Things that you should not try on the internet.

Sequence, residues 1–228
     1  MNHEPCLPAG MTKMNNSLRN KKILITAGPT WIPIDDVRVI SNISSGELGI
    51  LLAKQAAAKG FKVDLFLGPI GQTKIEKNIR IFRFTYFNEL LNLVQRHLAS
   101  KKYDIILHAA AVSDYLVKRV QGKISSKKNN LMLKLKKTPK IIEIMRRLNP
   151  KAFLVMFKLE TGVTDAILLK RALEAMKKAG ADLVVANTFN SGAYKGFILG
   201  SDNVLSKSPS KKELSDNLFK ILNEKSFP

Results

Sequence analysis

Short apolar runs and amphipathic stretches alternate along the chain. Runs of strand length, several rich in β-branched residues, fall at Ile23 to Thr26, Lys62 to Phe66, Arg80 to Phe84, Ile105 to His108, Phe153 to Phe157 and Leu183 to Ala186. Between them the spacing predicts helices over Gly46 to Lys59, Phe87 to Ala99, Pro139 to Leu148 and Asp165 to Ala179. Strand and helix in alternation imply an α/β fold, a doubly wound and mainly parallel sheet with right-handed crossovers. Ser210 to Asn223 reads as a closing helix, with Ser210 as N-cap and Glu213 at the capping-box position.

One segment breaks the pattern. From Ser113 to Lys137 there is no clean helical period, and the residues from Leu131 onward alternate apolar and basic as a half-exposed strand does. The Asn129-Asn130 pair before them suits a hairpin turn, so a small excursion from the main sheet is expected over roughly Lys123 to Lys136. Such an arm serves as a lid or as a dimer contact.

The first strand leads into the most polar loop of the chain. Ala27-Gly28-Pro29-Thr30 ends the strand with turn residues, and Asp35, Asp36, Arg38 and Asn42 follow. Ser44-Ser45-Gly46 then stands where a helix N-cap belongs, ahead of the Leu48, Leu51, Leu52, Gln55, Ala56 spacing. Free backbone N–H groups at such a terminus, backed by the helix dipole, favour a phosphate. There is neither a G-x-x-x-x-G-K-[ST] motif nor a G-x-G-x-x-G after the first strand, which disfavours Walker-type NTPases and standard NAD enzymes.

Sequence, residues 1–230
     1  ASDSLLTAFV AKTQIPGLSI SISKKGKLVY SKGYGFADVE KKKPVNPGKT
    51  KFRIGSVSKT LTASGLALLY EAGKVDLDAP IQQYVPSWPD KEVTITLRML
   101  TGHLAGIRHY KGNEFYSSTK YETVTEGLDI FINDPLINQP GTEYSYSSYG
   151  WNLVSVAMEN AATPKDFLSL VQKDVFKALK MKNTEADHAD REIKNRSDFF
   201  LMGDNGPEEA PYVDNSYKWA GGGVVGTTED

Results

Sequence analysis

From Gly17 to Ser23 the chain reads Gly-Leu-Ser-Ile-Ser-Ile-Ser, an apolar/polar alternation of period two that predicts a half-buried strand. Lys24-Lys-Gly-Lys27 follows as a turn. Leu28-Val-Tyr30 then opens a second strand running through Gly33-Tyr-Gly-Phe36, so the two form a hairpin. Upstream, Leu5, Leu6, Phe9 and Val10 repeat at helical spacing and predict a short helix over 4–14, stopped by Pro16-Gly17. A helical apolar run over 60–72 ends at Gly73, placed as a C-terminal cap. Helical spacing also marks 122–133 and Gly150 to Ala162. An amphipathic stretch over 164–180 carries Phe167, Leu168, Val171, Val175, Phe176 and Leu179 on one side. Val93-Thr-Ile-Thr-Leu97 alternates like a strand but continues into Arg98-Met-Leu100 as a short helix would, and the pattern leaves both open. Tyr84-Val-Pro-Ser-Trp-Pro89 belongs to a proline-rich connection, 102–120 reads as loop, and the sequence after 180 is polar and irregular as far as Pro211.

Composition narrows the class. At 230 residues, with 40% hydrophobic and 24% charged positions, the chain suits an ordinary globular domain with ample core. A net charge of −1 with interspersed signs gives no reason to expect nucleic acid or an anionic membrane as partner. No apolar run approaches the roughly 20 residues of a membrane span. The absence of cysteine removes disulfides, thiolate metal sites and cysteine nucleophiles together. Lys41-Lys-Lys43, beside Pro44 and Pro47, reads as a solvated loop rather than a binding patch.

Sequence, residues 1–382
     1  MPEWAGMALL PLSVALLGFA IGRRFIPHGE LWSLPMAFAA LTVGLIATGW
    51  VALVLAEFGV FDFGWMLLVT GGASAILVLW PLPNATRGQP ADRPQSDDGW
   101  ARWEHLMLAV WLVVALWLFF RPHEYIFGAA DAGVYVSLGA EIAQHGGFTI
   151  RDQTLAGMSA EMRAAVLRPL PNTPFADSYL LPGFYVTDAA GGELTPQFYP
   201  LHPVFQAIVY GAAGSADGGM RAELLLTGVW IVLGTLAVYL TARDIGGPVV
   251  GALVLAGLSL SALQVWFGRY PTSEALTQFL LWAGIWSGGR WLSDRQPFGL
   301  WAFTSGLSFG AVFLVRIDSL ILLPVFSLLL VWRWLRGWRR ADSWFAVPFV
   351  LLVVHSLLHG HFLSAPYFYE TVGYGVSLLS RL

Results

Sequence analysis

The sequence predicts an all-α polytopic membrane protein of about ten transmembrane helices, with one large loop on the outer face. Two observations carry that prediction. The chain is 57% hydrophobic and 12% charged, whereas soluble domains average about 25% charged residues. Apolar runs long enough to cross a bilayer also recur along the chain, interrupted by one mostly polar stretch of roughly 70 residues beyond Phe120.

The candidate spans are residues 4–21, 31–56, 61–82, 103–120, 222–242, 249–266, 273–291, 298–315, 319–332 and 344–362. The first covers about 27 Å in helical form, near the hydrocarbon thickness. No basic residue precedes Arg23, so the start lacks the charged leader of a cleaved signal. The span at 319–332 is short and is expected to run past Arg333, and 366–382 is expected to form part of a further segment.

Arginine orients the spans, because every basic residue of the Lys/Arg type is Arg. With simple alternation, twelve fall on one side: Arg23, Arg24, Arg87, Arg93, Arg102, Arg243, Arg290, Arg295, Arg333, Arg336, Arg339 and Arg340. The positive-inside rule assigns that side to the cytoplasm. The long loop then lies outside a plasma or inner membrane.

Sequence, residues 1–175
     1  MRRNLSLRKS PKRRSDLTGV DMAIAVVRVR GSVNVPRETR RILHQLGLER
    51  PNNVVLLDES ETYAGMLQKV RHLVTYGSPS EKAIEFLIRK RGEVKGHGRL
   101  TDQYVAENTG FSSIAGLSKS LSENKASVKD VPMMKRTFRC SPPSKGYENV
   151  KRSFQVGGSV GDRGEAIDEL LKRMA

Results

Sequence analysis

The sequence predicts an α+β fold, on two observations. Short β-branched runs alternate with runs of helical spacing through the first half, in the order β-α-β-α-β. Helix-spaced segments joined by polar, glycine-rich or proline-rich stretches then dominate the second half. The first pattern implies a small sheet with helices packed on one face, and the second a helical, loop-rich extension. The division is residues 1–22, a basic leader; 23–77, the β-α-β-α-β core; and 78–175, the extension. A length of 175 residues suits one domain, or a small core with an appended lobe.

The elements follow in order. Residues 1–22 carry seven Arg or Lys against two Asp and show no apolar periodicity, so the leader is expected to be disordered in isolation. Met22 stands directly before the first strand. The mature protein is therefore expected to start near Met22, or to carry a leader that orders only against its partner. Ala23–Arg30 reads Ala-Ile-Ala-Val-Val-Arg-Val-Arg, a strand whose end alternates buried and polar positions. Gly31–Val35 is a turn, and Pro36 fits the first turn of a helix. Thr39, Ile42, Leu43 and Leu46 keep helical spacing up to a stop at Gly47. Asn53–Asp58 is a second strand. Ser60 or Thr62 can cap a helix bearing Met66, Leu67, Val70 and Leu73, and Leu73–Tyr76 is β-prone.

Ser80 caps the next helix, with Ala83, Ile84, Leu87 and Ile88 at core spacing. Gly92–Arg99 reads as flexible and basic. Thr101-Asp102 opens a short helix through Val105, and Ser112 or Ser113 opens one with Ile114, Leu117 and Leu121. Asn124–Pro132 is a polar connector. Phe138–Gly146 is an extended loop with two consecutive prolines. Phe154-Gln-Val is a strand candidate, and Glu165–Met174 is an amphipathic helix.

The internet, a technology many of us todaytake for granted, has only been around for about thirty years. And in that time, it’s completely changedthe way humans interact, shop, and even behave. Children growing up in the 70’s and 80’sexperienced a world that operated much different than it does today. Due in large part to the influence the internethas on our lives. And in this video we’re going to take alook at some things that were very common before the internet, but have become obsoleteor much less common today. This is Greg with Apple Explained and if youwant to help decide which video topics I cover, make sure you’re subscribed and these votingpolls will show up in your mobile activity feed. Now we could probably spend all day goingover how much the internet has effected our lives and what exactly it’s made obsolete. But I wanted to focus on ten things that Ithink younger people might find particularly interesting. And the first thing is video rental stores. Places like Blockbuster and Hollywood Videohad thousands of locations in cities all over the country. That’s where you’d go to get the latestVHS or DVD release of a movie you’ve really wanted to see. But they had more than just movies. You could rent tv shows and video games fromthese stores too. Typically, you’d pay an upfront fee to rentthe item for the first 24 hours, and then pay fees for each additional day you keptit. And if you’re wondering why it was so popularto rent movies instead of just buying them outright, it’s because movies used to havea rental-only release period. Where studios would charge more than $100per movie on VHS that was intended to be sold to video stores to rent out at a more affordableprice. So if you wanted to watch the latest moviesavailable on VHS, you either had to buy them for a ridiculous price, or rent them fromyour local video store. Now all of this changed with the advent ofthe DVD, since studios made new movie releases available to consumers at a much lower pricethat effectively eliminated the rental-only period. But video rental stores weren’t just placesyou’d go to pick up a VHS or DVD. They represented much more than that, especiallyto kids. They were places where you could roam aroundwhile enjoying the smell of popcorn and browsing various movies until you found one that excitedyou the most. It was an experience that I think most peopleremember fondly, and one that I think is lost today while scrolling through Netflix or Hulu. If you’ve ever bought a ticket to virtuallyany live event in the age of Ticketmaster, you’re probably familiar with the outrageousnumber of fees piled on top of the ticket cost. There’s a service fee, order processingfee, resale service fee, delivery fee, facility fee among others. And this can inflate ticket prices to over30-50% of their original cost. And this is due to a couple of factors. First, online ticket resale sites allow botsto buy hundreds of tickets at a time. Effectively selling out popular shows in secondsand allowing the owner of those tickets to turn around and resell them at a higher price. Second, having middleman resellers like Ticketmasterhas allowed concert venues to charge more for a ticket through hidden fees. That way customers blame the ticket resellerrather than the venue, who saves face while making more money anyway. But it hasn’t always been this way. Before the internet, fans would have to driveto the concert venue and wait in line for hours to get a chance to buying a concertticket. And this approach had pros and cons. The nice thing was there weren’t any exorbitantfees like we see today, but the downside was that you ended up spending hours trying toget your hands on a ticket. Which was definitely an inconvenience. If you’re on the younger side then you’veprobably only seen these in libraries. But dictionaries used to be a staple itemof virtually every home in the country. It was very similar to the phone book, inthat you couldn’t really function without it. Especially if you had children in school. I remember my family owning probably fiveor six different dictionaries and fearing the moment when I came across an unfamiliarword in a reading assignment. Because that was when my mother would pointto the bookshelf, and I’d let out a sign while shuffling over to grab the dictionaryand spending what felt like forever trying to look up the definition of one word. And when it came to doing research for schoolprojects, encyclopedias were a must. And they were even worse than dictionariesbecause you’d have to locate the right volume from a collection of about 15 books, and thenlook up the topic you needed more information about. So the fact that the internet has allowedme look up definitions and wikipedia articles in just seconds, is something I’ll nevertake for granted. But there’s one more thing I want to mentionabout dictionaries and encyclopedias, they were often very expensive. Which meant that information were only availableto those families who could afford it. But the internet is a much more accessibleutility that can supply more information than any dictionary or encyclopedia ever could. And it’s resulted in more people havingaccess to the information and resources they need to be successful, regardless of income. Class reunions have become much less commonthan they used to be before the internet. And it’s because there was literally noway to get into contact with all of your old classmates without doing hours of researchand investigation trying track them all down. So each graduating class typically had committeein charge of locating and organizing reunions every five or ten years. These events gave people the opportunity toreconnect with old high school friends and classmates who they hadn’t talked to inyears. But class reunions have become less popularin recent years thanks to social media. If you want to check up on an old friend,chances are they’re just a few clicks away on FaceBook or Instagram. Perhaps one of the most disappointing sideeffects of the internet in my opinion has been the decline of traditional high qualityjournalism. It’s actually something Steve Jobs pointedout many years ago [clip] And quality journalism is something Apple hasbeen trying to revive with services like Apple News Plus. Before the digital revolution, there was ahuge variety of newspapers and magazines that people subscribed to in order to stay up todate on a number of topics, including national and local news, sporting events, entertainment,and more. But when the internet became the most commonand convenient source of information and news, people stopped buying newspapers and magazines. Instead reading articles by bloggers who maynot have the same investigative resources as a newspaper company. The internet has also contributed to a cultureof fake news and clickbait, where sensational content is rewarded with more clicks and thereforemore ad revenue. You may be familiar with the term “radio”as it relates to music streaming services, but before the internet, radios were the originalmusic streaming device. You could tune in to various frequencies andpick up different radio stations, each of which had their own unique genre. But there was also a large community of hamradio enthusiasts which was sort’ve like an audio version of the internet. People could build and use ham radios to broadcastacross town or even around the world. Closing the distance between populations andallowing information to be shared far and wide. But as digital music services like iTunes,Spotify, and Apple Music became popular, the use of radios has declined significantly. Which has actually put hundreds of stationsacross the country out of business. Letters are also something that has becomemuch less popular since the internet. Email has not only replaced hand written lettersas a more efficient and affordable way to correspond with others, but companies havebeen utilizing email in ways never seen before. Instead of sending coupons through the mail,customers can receive special offers through email instantly. Which means companies can send offers moreoften and with less notice in advanced. But individuals are also benefitting fromthe technology, things like paperless billing makes our lives much simpler by saving ustime sorting through piles of mail on a daily basis. But as you may’ve heard, things like emailhas caused some problems for the United States Postal Service who aren’t making nearlyas many mail deliveries as they used to, but thankfully the rise in ecommerce has helpedrecover most of their losses. This is one I think might surprise young peoplethe most. Before the internet, there was obviously nosuch thing as google maps. So keeping a fold out map in your car wasvery common. But as you can imagine, their use was muchmore limited than the digital maps we’re used to today. They were often out of date and didn’t featurethe exact location you were looking for, just the general region of where your destinationmight be located. And this often led to drivers pulling intothe nearest gas station and asking for directions from locals who were more familiar with thearea. But this is something I personally have neverdone thanks to GPS devices and then turn-by-turn directions on my phone, and I suspect thisconcept sounds unusual to other young people today. Memorizing your friends and family’s phonenumbers was extremely common before the age of smartphones, but I think it’s a conceptthat may sound silly today. After all, most of us have hundreds of contactsin our phones, how could you ever have the time memorize all of them? But the reality was you either memorized phonenumbers, or wrote them in an address book to be referenced later. In fact, I remember an assignment in middleschool where our class had to write down all the phone numbers we knew by heart, and afew of the students knew more then 30 numbers. Something I still find incredible. But with the advent of smartphones, it’sno longer necessary to memorize phone numbers, except maybe your own. Alright now this one is kind’ve the culminationof all my other points put together. And that is the decline of patience. Now I mean this in the context of small everytasks. Modern conveniences like the internet, smartphones,social media, email, and ecommerce, have meant we can get more tasks done at lightning fastspeeds compared to thirty years ago. But the downside is that if a task that requiresmore time than necessary, it’s easier to become annoying. I myself have been guilty of this. For example, whenever I am forced to writeout a check and mail it to someone instead of using Venmo, I let out a sigh of frustration. If I have to drive to my bank’s branch locationto cancel a transaction or update my account information, I often think, “why isn’tit possible to do this on their website? I would take me all of two minutes insteadof waiting in line for fifteen.” And maybe I’m the only person who has thesethoughts, but I suspect not. So I find it demonstrates just how far technologyhas come in thirty years, and that it helps to reflect on how lucky I truly am to be aliveduring this transformative period. Now I want to thank Hostinger for sponsoringthis video, if you want to host a high quality website for the lowest price possible, hostingeris exactly what you need. They’re actually offering you guys an additional15% off their web hosting which includes a free domain using the coupon code APPLEEXPLAINED,you can find that link in the description. Now the reason why I enjoy hostinger so muchis because their website is fast and actually easy to use, just look at its hosting panel,it’s clean, light, and really intuitive, something that’s hard to find with mostwebsite hosting services. I also love being able to install dozens ofdifferent applications with just a click that give my website cool capabilities like sellingproducts, publishing polls, and creating forums. I mean, they were recommended by Cnet fora reason. When it comes to getting the most for yourmoney, I can’t think of a better web hosting service than Hostinger. And just as a cherry on top, they offer athirty day money back guarantee so there’s no risk in trying it out.